Every Minute


Every Day

We have the choice


Love or Hate

Fear or Faith

Hope or Despair

Teardown or Buildup

Unity or Division

Self or Others

Compassion or Apathy

Criticism or Encouragement

Persevere or Quit

Deception or Truth

Life or Death


These threads weave together to form the fabric of our existence


What Do You Know?

As this Corona Virus crisis began to ramp up a few of weeks ago, I tried to block it out. I’m not one who looks to interpret what God may be thinking by observing natural events; I’m more prone to see natural events through the lens of whatever He seems to be saying at the moment. But as events began to pile up, I started to get pulled into the conversation. I read credible Infectious Disease experts who said that this virus wasn’t much more hazardous than the seasonal Influenza virus, which also kills those with compromised immune systems, while other medical experts were speaking as though it was the return of the black plague. Like everything else in our culture, this virus soon became a political volleyball, which was being pounded back and forth across the net. As the preventive measures began costing people their jobs, and I saw people begin to suffer, I felt the frustration brewing in me, and stealing my peace. I found myself formulating an argument in my head, and it seemed to be pressing on my lips to get out. But before it was able to escape, the Lord broke in.


“What do you know?”


It wasn’t in a sarcastic or mocking tone. He was asking a simple and sincere question about what “facts” I had. There seemed to be credible voices on both sides of the argument, and everyone seemed to be speaking as though they knew exactly what was happening, and moreover, what was going to happen. But the Lord was challenging me, as a man who felt as though he had something to say, as to what I really knew. And in an instant, I knew that my words were of no value, and that my voice would just be more fodder in the trough. As I began to fully appreciate the degree to which I’d been sucked in, the Lord spoke again.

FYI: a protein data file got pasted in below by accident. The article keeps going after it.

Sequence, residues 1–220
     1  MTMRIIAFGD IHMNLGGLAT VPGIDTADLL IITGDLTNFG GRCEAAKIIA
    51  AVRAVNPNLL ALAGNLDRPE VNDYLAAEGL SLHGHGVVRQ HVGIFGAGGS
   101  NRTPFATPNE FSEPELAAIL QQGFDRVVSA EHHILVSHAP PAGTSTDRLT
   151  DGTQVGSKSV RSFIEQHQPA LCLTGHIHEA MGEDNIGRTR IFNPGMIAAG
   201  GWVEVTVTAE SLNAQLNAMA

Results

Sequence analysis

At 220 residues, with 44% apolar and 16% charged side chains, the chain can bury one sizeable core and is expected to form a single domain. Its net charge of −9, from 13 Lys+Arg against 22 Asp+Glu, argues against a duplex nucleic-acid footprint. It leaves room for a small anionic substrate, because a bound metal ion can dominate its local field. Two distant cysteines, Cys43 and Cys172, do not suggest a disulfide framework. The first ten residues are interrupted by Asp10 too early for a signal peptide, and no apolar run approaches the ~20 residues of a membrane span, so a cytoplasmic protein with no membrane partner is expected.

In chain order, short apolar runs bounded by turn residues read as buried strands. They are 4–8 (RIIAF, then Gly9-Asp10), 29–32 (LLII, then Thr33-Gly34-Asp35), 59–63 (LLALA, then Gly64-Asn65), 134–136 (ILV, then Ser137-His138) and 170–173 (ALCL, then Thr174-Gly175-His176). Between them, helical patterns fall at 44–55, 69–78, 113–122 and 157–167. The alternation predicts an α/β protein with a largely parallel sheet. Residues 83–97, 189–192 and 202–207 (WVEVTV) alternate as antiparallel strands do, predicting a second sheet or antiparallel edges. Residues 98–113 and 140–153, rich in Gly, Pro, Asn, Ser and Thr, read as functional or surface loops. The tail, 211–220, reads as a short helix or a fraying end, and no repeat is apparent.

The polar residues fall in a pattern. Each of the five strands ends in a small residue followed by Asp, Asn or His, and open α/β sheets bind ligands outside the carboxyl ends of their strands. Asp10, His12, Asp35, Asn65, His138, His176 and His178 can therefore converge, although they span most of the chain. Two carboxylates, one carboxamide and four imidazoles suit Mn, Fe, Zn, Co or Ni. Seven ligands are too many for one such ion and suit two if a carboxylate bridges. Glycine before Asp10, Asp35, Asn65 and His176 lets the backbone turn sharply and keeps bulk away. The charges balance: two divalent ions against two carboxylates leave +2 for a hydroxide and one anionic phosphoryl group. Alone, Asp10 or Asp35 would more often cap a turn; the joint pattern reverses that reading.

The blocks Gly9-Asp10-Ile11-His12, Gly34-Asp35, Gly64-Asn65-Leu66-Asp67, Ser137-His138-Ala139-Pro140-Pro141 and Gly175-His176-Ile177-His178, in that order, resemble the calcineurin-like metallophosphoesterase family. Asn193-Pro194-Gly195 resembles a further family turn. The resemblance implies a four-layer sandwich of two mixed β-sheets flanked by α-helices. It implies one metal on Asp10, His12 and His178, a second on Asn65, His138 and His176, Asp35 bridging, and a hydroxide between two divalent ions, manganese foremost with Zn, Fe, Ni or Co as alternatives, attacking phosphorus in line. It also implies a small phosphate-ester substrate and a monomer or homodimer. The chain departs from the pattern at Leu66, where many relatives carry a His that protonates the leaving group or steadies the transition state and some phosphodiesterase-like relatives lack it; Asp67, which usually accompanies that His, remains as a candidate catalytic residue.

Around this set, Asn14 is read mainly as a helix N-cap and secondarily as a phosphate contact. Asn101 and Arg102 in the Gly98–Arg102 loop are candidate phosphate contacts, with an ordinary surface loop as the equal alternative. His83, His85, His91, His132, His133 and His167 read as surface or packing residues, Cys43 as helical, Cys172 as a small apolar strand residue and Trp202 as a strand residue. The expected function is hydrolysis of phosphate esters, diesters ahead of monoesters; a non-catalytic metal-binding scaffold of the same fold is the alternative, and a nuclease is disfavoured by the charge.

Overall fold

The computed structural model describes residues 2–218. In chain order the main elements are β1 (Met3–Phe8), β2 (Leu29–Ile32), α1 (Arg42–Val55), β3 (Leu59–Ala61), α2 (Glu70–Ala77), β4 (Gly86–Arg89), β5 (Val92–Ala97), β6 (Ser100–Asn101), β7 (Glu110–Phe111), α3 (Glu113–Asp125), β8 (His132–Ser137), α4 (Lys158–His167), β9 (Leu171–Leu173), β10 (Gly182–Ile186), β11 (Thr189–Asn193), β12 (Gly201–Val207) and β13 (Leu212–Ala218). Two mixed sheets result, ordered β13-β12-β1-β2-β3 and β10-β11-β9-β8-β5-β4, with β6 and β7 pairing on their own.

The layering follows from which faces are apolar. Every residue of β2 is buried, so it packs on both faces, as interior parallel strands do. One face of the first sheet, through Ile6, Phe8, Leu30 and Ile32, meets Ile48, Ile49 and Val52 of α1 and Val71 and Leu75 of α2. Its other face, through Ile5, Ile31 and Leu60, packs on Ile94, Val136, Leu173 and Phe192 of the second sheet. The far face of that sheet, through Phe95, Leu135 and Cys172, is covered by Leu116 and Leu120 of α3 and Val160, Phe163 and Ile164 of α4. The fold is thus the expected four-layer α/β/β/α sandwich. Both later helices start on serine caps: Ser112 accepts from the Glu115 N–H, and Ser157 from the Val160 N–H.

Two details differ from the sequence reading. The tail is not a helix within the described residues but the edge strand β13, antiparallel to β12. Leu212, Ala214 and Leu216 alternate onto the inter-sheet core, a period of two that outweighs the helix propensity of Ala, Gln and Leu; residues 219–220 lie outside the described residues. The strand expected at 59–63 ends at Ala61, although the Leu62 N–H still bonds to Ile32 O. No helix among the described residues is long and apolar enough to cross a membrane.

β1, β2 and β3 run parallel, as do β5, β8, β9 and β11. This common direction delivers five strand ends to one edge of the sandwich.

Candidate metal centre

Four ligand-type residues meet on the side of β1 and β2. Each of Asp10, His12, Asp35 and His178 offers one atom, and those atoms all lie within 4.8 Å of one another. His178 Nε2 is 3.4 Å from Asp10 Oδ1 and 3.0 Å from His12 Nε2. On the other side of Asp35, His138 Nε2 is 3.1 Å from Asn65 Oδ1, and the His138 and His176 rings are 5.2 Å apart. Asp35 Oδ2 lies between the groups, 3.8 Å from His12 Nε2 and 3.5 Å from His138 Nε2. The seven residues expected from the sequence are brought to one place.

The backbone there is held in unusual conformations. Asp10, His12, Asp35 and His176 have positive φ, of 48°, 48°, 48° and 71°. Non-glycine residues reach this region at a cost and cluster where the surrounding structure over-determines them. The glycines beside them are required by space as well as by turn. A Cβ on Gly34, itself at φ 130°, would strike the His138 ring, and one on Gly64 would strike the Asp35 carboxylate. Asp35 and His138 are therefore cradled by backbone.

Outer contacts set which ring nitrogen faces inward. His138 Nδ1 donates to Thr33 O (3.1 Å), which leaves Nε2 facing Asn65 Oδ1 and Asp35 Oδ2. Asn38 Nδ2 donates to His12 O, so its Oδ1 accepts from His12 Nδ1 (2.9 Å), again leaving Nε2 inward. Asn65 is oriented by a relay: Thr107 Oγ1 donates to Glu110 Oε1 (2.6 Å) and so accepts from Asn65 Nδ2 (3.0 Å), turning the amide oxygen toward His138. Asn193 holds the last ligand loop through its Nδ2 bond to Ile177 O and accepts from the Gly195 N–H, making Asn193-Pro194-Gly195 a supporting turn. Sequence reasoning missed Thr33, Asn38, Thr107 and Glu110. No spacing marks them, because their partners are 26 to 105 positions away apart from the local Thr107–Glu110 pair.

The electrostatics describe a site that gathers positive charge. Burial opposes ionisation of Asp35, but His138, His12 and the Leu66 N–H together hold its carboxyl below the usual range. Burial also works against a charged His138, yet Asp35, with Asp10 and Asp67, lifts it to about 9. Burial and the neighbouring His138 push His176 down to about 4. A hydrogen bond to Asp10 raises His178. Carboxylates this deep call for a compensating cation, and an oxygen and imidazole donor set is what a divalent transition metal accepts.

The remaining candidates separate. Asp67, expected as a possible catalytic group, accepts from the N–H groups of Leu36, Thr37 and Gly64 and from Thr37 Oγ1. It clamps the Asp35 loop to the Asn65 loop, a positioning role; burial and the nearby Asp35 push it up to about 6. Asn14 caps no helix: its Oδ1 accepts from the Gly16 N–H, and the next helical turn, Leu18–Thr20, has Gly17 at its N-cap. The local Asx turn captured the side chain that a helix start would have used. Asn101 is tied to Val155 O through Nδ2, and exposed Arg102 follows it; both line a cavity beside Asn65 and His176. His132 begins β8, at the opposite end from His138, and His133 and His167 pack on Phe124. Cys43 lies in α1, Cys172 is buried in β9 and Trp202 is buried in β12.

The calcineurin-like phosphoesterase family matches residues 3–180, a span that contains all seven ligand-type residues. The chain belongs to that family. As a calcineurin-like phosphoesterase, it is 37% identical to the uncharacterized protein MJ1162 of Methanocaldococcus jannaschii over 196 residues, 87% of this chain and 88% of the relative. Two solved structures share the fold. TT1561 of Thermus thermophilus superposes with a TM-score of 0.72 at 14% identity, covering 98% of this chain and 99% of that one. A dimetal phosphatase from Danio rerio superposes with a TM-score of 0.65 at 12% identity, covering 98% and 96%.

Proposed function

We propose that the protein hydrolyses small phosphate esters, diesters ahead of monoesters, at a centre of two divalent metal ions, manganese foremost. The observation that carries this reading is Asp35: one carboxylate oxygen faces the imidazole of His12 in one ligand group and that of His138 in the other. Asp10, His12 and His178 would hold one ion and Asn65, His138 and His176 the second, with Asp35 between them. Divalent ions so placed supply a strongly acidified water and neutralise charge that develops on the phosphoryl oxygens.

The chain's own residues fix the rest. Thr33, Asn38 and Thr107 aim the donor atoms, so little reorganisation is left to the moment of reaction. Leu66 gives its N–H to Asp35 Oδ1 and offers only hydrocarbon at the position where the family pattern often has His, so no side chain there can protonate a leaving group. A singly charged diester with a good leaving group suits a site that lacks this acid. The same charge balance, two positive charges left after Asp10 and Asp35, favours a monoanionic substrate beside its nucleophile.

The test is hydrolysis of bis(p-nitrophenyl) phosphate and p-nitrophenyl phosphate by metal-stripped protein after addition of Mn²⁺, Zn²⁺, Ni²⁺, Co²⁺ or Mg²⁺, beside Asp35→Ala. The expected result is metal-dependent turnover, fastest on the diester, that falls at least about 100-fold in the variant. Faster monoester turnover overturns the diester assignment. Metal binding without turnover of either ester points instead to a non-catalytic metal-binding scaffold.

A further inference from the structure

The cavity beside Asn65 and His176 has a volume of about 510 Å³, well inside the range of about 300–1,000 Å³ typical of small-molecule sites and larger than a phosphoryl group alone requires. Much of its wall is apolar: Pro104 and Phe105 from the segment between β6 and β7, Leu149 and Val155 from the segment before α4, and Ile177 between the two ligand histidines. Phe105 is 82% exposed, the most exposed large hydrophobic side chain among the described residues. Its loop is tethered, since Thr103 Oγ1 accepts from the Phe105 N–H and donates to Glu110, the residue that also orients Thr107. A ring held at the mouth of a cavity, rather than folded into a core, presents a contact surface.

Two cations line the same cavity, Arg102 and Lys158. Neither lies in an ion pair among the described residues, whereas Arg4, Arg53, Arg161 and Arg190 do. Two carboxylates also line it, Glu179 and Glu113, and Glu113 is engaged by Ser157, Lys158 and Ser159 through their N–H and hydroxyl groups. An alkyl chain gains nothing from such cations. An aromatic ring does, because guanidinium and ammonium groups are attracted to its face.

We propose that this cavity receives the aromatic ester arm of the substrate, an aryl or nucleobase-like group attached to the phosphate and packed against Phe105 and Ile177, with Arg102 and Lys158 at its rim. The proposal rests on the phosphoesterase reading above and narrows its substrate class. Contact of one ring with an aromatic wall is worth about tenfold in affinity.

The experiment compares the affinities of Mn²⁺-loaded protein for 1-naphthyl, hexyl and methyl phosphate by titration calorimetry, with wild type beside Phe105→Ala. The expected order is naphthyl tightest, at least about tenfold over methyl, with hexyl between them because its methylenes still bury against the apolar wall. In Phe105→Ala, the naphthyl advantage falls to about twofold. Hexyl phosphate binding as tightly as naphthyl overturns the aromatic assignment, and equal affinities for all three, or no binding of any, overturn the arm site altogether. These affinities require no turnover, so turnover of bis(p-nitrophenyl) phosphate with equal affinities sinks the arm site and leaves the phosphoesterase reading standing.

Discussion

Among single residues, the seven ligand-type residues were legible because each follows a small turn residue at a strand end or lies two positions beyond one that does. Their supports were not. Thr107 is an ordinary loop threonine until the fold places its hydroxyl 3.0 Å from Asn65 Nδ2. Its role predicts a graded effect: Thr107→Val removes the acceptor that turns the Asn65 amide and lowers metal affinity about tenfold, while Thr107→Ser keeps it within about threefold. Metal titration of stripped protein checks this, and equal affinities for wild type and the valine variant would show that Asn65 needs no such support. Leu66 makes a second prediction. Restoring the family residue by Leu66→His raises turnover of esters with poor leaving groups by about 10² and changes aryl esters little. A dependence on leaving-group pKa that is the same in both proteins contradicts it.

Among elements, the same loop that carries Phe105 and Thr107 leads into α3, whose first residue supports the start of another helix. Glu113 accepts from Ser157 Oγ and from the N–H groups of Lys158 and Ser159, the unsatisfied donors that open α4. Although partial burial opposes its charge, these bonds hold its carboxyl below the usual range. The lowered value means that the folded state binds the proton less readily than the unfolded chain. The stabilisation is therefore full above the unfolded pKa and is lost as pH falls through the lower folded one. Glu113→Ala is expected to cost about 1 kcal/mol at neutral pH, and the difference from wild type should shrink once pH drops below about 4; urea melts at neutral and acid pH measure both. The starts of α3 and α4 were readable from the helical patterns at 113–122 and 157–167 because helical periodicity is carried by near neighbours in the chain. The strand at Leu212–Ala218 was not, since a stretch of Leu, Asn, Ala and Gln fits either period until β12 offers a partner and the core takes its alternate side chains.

“What do you know?”


Though the words were the same, I sensed a different question. He wasn’t asking me what I knew about the Corona Virus, He was reminding me of the way He’s taught me to deal with the world. He’s given me “eyes to see” and “ears to hear”, so that I can live by every word that proceeds from His mouth. He was challenging me on what He’d said to me about this virus and/or pandemic, and as I pondered that, I realized that He’d not mentioned it one time. Again, a wave of regret washed over me, as I remembered that the “genuine Spirit of Prophecy is not only saying what God is saying, but it’s not saying what He’s not saying”. Indeed, if God wasn’t speaking about these things to me, what exactly did I have to say to anyone else. In the midst of my repentance, the Lord spoke again.


“What do you know?”


Again, same words, different question. This time He was striking at the depth of my soul. What is it that I “know” in my heart? “I know you Lord”, was all I could think to say. And with that, I sensed His loving hand on my shoulder, and I understood that this was all I would ever need to know.


Like everyone else, we are being impacted by what’s happening in our world. And now, more than ever, I find myself running back to the one thing that I know.


Care Giver

Now that I am on the other side

And the relentless pain is gone
Now that I am free of that broken body
And my tormented thoughts have been stilled
Now that my hope has become my reality